Building a house is one of the most exciting and exacerbating activities we’ve ever undertaken. It is our hope that our mistakes will help someone else have a better experience and outcome.
- If you’re building a custom home, talk to an architect who will help you understand the true costs of the project. It is an added expense, but it is well worth it.
- Always keep in mind, the builder works for you. If you have any concerns address them immediately and get any changes in writing.
- No matter how highly recommended a builder is, always get an estimate from more than one builder. After getting the estimates, find clients of the builders and ask a lot of questions, such as:
- Was the estimate accurate? If not, why, and how much was it off?
- Was the house built in a reasonable amount of time?
- Did the subcontractors do a good job? Did they clean up behind themselves?
- Was there a lot of waste of products that cost you money?
- If you encountered a problem, did the builder answer your calls and/or text messages in a timely manner?
- Was there a walk-through when the construction was completed? Did the builder address your concerns in a timely manner?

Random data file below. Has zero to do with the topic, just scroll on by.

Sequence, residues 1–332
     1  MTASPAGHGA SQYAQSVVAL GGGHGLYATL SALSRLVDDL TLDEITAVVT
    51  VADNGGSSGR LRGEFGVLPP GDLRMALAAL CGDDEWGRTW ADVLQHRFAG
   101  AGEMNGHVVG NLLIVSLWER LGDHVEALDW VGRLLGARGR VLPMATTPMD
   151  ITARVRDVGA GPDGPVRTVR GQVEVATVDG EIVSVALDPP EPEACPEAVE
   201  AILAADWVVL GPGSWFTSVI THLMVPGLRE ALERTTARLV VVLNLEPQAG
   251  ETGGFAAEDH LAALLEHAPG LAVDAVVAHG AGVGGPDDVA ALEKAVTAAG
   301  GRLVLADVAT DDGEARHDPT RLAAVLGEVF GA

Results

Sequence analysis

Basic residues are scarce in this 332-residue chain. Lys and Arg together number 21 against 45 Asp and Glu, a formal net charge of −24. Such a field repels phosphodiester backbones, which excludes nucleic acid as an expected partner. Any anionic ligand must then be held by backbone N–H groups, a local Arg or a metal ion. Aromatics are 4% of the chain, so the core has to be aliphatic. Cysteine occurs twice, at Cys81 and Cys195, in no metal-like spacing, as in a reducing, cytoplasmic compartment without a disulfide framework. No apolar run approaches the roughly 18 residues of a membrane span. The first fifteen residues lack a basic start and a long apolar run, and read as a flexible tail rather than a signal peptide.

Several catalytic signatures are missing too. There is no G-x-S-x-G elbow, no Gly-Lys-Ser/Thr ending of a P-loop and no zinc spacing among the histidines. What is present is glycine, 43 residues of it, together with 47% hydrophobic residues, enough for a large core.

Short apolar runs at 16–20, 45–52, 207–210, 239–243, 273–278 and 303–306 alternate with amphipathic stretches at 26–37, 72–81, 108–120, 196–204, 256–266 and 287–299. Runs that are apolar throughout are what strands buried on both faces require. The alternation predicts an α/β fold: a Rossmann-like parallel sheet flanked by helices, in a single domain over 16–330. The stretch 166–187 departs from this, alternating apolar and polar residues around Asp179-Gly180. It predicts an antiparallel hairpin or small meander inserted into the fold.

- Did the builder honor his home warranty if there was a problem?
- Read between the lines for what people are not saying. Are they hesitant when talking about certain aspects of the project?
- When making a contract with a builder, things you should consider are:
- Always have a lawyer review the contract. The expense is well worth it.
- Put a deadline on the project with serious monetary consequences for not meeting it.
- Never sign a costs and labor contract, which gives the builder license to spend with less accountability.
- Make sure you have written allowances for all aspects of the project, and the builder communicates with you as to when it appears you’re going over, preferably prior to spending. This will allow you to have more control over the costs before the money is spent.
- Never hand the builder a check without detailed invoices of what has been spent. His check stub with a date, payee, and amount should never be taken in place of the detailed invoice; neither should a sheet of paper with the name of the subcontractor and amount, with no detailed explanation as to how the amount was determined.
- Prior to the walk through, which is a must, write down any issues that need to be fixed and have the builder sign off on the sheet. Keep a record of how long it takes for the items to be fixed and do NOT give the builder a final check until they are done.
I hope the above points will help someone avoid the pitfalls we encountered when building our home. We’re hoping to find some joy and happiness in our new home, but it means we will not see our family in Wisconsin as often as we would like. We are also on a very strict budget. In other words, we’re house poor, not a place we were expecting to be in retirement. Good luck with your project and if you have any further questions, please leave a comment and I’ll respond.